Our jury watched this selection of 17 films, which gave us an extraordinary window into diverse cultures all over the world. We saw so many moving stories and superb performances that it was tough to choose just three awards. We fought over our favorites, and had to leave several deserving films without prizes.

We would like to give a special mention to two must-see selections.  ETIQUETA NO RIGUROSA (No Dress Code Required) -the only documentary in the competition- tells the dramatic story of two brave men who persevered against extraordinary obstacles to become the first gay couple to be married in Baja California.

And we want to recognize the cinematic accomplishment of HJARTASTEINN (Heartstone) the breakout feature film of writer-director Guðmundur Arnar Guðmundsson, which reveals the trapped isolation of two teenagers growing up in a small town within a stunning Iceland landscape. 

But finally, here are the three award winners chosen by the Ich Liebe Premio Maguey Jury: 

The Premio Maguey for Best Performance goes to LOOPING, the intergenerational portrayal of three women. The jury was incredibly moved by the fearless, raw and vulnerable performances that illuminate vital social issues such as depression, bulimia and sexual abuse. The women find safety and healing in a sensitive and unapologetic polyamorous relationship that is authentic, intimate and very sexy. In recognition of the female performances in LOOPING, by first-time German director Leonie Krippendorff, the Premio Maguey Award for Best Performance goes to Jella Haase.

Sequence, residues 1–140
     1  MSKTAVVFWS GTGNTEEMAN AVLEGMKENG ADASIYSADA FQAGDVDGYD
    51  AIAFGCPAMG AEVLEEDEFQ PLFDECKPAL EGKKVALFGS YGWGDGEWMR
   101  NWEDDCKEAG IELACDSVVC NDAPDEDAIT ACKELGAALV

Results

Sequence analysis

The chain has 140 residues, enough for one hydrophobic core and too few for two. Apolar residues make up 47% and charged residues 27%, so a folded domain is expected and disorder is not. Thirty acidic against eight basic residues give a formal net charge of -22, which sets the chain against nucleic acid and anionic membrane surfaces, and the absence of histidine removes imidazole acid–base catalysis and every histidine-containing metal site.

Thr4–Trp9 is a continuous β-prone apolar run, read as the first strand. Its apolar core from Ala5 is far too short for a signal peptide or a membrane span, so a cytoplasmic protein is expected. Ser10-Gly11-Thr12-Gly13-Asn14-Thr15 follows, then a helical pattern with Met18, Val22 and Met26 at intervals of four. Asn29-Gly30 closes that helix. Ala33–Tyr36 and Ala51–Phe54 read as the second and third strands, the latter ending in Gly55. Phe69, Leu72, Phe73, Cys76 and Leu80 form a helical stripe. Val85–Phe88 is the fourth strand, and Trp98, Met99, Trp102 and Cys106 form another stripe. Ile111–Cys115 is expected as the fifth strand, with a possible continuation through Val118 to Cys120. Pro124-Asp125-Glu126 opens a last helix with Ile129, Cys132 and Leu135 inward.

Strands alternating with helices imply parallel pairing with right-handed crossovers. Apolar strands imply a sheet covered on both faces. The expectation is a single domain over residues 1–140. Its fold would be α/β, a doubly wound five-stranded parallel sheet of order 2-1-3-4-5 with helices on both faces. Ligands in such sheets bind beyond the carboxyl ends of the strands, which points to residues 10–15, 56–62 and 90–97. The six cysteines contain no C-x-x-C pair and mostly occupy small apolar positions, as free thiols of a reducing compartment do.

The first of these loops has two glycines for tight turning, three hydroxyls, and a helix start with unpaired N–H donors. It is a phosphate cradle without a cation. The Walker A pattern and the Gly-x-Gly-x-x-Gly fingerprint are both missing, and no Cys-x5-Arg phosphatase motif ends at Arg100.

We have awarded SANTA Y ANDRÉS the Special Mention award for three reasons. One, for the extraordinary lead performance by Eduardo Martinez. His portrayal of a gay man, writer, and artist who has suffered censorship, humiliation, and ostracization under an oppressive, homophobic regime in eighties Cuba is central to the film’s success. He captures the bitter irony that help homosexuals to survive in such situations, and the hopelessness that many Cubans have felt during the darker days of the revolution, but always with a glimmer of hope. Two, although the treatment of homosexuals has vastly improved over the past decade in Cuba, SANTA Y ANDRÉS -set in 1983- reminds us that Queer people are in a continuous struggle to protect their rights and freedoms all over the world, and that we must always remain vigilant whenever any country enacts discriminatory or even violent actions against those who love differently. Writer/director Carlos Lechuga tells this story in a straightforward but emotionally complex way. 

And finally, we give the Premio Maguey award to a film that through its innovative, fluid and natural mise-en-scene, told through the eyes of its protagonist, shows the transformation of work colleagues to close friends. Kelner Macêdo’s compelling, nuanced performance in the lead role anchors the film. In Brazil’s CORPO ELÉTRICO (Body Electric), first-time feature director Marcelo Caetano shows us situations full of truth with a new perspective, which makes no room for stigmatizing but embraces love in all its forms. 

Anne Thompson
Film Journalist
United States

Bruce LaBruce
Filmmaker, Photographer, Writer and Artist

Constanza Arena
Executive Director CinemaChile

Javier Van de Couter
Director and Screenwriter

Michael Anthony Lopez
Corporate Social Responsibility
United States

Thomas Abeltshauser
Journalist and Film Critic

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